Nissan’s future cars could tap into your brain to improve driving comfort

The future of Nissan cars could involve interfacing with our brains, as the Japanese car maker has revealed research it has been carrying out on brain-to-vehicle interactions.

What may sound like the fevered dreams of sci-fi enthusiasts, Nissan is set to showcase the work it has been doing on brain-to-vehicle technology at CES 2018 next week, where it will demonstrate its Intelligent Mobility vision for transforming how car are driven and their integration in society.

The idea behind the tech research is to help speed up driver reaction times and forge a way for cars to adapt to their drivers in order to make driving more enjoyable.

Nissan is claiming a breakthrough in research into brain decoding that through the use of head-mounted sensors can help a car’s systems detect a driver’s actions and any discomfort thy might be feeling and take actions autonomously.

For example. The system is claimed to be able to predict signs of when a driver is about to initiate a movement, such as turning the steering wheel or accelerating, and kick in driver assist systems in a faster fashion to enhance manual driving.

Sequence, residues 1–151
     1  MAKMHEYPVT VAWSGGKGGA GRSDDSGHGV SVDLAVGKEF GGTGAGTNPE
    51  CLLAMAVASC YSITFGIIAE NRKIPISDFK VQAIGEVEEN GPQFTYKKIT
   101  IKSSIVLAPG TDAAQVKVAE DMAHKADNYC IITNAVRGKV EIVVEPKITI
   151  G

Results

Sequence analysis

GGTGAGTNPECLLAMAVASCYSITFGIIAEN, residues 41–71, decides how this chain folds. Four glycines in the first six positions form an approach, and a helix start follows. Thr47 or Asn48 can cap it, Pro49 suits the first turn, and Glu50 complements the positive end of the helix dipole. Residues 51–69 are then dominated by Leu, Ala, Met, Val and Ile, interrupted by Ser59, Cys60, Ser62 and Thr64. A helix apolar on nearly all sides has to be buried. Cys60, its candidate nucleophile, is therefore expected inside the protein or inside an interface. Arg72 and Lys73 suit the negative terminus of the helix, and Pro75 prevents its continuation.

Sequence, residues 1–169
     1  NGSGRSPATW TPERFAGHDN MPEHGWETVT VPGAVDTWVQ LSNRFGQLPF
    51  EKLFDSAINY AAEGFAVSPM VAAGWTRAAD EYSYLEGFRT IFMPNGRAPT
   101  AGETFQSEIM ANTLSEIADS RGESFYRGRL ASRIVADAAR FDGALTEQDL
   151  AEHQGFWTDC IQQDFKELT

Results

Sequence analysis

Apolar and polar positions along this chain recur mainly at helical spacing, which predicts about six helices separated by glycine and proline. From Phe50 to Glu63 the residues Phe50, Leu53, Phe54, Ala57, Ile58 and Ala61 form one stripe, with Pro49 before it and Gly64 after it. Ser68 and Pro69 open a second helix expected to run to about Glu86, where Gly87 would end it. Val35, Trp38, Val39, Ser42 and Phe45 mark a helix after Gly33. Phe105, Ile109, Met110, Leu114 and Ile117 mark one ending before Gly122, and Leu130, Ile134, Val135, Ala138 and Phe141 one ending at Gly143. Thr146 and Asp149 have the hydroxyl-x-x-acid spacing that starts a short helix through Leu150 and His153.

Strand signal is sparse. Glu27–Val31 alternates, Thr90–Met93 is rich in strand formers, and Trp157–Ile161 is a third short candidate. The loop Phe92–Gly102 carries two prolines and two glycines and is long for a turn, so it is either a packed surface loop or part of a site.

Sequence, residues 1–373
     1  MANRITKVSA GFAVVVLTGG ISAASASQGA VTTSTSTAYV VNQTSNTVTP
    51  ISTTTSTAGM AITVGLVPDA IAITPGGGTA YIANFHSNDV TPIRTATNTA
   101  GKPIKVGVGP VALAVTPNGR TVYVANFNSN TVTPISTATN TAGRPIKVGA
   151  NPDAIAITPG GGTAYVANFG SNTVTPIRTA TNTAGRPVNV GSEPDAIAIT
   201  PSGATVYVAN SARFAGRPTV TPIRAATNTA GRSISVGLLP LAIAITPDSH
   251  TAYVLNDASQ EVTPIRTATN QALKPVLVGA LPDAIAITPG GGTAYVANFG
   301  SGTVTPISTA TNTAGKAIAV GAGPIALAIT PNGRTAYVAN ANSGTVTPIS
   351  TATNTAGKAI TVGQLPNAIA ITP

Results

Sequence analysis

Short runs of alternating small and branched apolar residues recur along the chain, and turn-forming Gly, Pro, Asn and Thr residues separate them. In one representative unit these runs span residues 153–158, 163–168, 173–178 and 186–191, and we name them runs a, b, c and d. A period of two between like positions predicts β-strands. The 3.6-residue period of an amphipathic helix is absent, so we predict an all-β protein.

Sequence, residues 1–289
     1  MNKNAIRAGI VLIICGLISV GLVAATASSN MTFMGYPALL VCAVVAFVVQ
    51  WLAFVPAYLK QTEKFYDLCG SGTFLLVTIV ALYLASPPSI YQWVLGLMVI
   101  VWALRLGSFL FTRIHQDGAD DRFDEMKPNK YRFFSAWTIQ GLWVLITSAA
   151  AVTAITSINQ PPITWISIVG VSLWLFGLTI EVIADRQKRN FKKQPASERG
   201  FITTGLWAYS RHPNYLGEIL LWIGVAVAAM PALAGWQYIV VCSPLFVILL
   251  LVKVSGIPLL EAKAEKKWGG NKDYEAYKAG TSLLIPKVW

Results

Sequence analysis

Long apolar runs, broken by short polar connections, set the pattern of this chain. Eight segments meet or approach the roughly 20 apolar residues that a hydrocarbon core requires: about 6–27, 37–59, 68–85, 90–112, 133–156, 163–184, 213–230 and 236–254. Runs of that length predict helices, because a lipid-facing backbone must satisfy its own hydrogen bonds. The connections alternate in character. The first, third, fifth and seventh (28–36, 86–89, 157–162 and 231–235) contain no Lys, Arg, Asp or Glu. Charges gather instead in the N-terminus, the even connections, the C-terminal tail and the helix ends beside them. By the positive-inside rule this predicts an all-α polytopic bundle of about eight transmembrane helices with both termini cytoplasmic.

It is also being championed as a means to detect and evaluate how driver is feeling and change the driving configuration to make them more comfortable both during manual and autonomous driving.

Dr Lucian Gheorghe, senior innovation researcher at the Nissan Research Centre in Japan said the brain-to-vehicle tech could have other car applications such as adjusting the interior environment to suite the driver. Is could also use augmented reality to adjust what the driver sees and form a more relaxing driving environment; this would seem to stray dangerously close to Black Mirror territory.

“The potential applications of the technology are incredible,” Gheorghe said. “This research will be a catalyst for more Nissan innovation inside our vehicles in the years to come.”

Nissan will showcase Intelligent Mobility through the use of a simulator at CES which would suggest that the tech is some way off from being road-ready. But it shows how much scope there is for innovation in car tech and interfaces especially when self-driving cars continue to be motor ahead in their development.

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